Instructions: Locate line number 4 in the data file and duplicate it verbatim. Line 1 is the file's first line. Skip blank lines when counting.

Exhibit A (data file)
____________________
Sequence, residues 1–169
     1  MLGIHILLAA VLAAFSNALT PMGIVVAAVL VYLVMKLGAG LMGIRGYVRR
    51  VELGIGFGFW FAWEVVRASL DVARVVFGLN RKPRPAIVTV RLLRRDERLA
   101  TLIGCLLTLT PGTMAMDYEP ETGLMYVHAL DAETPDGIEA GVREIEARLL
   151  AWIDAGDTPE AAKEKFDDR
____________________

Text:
   101  TLIGCLLTLT PGTMAMDYEP ETGLMYVHAL DAETPDGIEA GVREIEARLL